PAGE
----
This brings me to the camera compartment—a feature which I both love and hate. First off, the camera compartment itself is brilliant. It is well padded and gives one the confidence to place their camera equipment in a neat organized fashion, knowing it will be well protected (provided careful use, of course). The inner compartments are set by the user via removable, padded spacers secured by velcro (a standard for pretty much all camera cases).
As can be seen below, it can easily house a 1.6x (APSC) DSLR, a 17-40mm lens for landscapes, 100 mm macro lens for close ups, a removable flash unit, a 70-200 mm telephoto, lens hoods, a charger, a blower, and other small extras. This, at least to me is an all-encompassing setup that can cover a broad range of applications for a great day out taking pictures.
So, what's to hate about this? Well, for me at least, it is one of the touted features of this system, and that is the fact that this compartment is removable (pictured below). Yes, this entire compartment comes out, and is essentially its own complete camera bag. It even comes with a very nice padded strap.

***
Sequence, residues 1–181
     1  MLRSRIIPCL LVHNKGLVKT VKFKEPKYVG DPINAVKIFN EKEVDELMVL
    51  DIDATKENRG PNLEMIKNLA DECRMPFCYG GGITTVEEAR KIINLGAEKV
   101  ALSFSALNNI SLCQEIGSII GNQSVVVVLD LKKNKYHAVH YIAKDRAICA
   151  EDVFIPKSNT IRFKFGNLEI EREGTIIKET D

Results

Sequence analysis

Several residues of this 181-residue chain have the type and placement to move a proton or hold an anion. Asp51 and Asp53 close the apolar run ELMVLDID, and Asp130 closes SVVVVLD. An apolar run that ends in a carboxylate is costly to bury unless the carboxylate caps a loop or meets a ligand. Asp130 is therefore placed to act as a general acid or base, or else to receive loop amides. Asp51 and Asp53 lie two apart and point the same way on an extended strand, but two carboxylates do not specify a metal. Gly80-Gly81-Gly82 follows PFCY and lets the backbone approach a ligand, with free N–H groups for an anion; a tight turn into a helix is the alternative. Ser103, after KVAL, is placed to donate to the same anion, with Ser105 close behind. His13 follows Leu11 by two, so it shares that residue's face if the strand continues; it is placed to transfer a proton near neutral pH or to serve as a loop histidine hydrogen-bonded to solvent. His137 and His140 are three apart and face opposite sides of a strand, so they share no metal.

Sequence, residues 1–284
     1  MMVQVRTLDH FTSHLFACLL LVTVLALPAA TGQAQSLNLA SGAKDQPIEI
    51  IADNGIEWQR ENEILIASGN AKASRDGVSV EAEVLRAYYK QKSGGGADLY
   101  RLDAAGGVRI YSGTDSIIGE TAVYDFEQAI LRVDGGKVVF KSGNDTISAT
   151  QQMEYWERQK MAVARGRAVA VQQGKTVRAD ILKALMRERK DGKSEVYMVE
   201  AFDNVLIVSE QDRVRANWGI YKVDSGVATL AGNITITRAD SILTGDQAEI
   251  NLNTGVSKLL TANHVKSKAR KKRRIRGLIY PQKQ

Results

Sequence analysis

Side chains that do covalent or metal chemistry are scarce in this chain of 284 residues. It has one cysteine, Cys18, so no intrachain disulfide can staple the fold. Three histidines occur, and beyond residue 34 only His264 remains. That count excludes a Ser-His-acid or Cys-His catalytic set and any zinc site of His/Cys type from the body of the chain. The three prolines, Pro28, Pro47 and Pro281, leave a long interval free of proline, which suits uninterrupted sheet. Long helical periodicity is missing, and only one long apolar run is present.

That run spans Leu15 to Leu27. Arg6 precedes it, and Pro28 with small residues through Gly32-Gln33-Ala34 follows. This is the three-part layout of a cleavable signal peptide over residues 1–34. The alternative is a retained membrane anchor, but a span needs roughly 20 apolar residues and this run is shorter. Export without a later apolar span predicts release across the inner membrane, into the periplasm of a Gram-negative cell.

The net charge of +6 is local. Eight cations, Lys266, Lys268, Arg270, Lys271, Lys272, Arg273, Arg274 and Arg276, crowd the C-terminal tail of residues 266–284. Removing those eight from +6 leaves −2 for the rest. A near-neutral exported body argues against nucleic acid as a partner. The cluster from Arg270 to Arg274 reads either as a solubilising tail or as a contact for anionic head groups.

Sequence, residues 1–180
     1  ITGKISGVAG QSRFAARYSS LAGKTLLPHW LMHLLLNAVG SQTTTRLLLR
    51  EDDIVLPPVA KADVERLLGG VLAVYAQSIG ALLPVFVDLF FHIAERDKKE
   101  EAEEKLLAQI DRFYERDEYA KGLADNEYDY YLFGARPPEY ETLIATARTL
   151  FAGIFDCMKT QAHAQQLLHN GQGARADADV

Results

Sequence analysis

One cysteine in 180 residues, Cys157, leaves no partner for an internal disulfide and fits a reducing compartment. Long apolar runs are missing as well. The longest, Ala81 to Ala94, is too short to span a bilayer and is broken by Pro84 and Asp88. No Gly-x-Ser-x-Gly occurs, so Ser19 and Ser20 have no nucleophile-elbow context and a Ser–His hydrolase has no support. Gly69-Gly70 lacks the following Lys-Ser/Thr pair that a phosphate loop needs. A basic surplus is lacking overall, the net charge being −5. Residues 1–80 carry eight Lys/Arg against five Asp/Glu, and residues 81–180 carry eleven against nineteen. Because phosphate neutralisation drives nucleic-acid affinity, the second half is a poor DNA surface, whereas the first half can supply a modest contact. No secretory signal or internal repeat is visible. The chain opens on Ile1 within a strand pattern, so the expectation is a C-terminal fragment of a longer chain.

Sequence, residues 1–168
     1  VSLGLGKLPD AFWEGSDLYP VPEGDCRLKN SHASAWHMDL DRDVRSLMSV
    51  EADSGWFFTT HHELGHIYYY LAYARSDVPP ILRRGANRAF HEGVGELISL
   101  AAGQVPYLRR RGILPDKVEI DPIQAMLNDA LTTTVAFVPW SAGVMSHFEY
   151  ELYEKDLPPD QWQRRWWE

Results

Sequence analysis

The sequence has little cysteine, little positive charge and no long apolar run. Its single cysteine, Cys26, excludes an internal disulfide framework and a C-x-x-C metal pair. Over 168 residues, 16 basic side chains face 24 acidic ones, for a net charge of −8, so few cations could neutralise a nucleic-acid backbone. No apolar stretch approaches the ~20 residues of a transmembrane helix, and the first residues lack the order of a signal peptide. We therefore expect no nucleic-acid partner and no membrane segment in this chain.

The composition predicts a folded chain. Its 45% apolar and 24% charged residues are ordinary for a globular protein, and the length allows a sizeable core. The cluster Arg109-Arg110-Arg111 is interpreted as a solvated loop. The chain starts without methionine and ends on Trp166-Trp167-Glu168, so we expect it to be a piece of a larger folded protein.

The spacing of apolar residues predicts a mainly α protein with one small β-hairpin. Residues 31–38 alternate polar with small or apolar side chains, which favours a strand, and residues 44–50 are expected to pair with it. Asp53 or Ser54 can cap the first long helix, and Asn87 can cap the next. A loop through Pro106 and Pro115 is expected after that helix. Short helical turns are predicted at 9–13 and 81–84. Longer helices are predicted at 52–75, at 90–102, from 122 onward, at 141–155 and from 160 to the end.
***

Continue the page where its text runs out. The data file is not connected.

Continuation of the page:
First off, the compartment is not easy to remove from the bag when loaded with gear, and it's certainly much harder to try to fit back in! Second, most serious photographers already have some smaller photo bag, making this unnecessary. Third, if I am taking a very much outdoor-centric bag out for the day, which is already ultralight, why do I need to inconveniently remove the camera compartment and use it separately? More on this later on.
MindShift Gear also provides rain covers both for the backpack, and for the removable camera compartment (cute, but not necessary). The main rain cover is particularly well designed, featuring a velcro slit which can accommodate oversized tripods, again another well thought out feature.
Build Quality: Overall, I have been very impressed with the build quality of this backpack. I was a bit reluctant given that it is fairly lightweight, and camera equipment does add on the weight quite easily, but so far not a single issue after three months of regular use.
Ride: Given that this is an ultralight backpack, it has no stays, no stiff foam backpacking, I was surprised how well it rode. The main reason is the rigid and substantially sized camera compartment which forms the bottom 2/3rds of the bag. This sits squarely against the small of your back and acts as a great spot for weight transfer. Add to that the wide hipbelts which add a good amount of stability, and the heavy load suddenly becomes very light and easy to manage. Well done, MindShift.
However, it should be noted that fit for backpacks is personal, and experiences will likely vary. There is only standard adjustability via the hipbelt and chest harness.